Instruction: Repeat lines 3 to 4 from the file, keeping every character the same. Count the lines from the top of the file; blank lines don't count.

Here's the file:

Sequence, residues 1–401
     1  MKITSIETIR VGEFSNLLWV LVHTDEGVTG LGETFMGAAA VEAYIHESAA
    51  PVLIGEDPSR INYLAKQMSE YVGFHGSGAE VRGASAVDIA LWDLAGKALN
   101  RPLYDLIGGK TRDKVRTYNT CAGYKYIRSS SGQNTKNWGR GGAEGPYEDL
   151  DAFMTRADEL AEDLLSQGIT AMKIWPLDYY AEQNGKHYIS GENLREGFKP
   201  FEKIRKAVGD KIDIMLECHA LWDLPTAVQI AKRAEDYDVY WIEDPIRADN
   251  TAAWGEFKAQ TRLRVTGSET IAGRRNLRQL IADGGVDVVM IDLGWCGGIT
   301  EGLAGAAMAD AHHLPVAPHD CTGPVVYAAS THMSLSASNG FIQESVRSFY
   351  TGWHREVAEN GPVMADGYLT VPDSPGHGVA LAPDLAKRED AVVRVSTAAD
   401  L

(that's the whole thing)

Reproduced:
    51  PVLIGEDPSR INYLAKQMSE YVGFHGSGAE VRGASAVDIA LWDLAGKALN
   101  RPLYDLIGGK TRDKVRTYNT CAGYKYIRSS SGQNTKNWGR GGAEGPYEDL